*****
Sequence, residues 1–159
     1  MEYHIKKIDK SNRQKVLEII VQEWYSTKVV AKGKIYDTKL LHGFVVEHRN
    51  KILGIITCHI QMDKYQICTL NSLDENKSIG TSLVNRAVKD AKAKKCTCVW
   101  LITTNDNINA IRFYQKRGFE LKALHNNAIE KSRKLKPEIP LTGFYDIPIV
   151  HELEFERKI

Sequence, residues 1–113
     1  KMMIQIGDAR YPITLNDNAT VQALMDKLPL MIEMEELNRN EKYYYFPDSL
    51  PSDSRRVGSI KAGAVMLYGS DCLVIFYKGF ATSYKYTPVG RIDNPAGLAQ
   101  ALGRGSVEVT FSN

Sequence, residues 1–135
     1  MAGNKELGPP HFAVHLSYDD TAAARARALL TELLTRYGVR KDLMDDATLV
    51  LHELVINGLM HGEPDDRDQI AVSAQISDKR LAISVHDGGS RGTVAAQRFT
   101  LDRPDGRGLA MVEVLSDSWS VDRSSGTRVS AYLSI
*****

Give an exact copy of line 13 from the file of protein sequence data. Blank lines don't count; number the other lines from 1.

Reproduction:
   101  LDRPDGRGLA MVEVLSDSWS VDRSSGTRVS AYLSI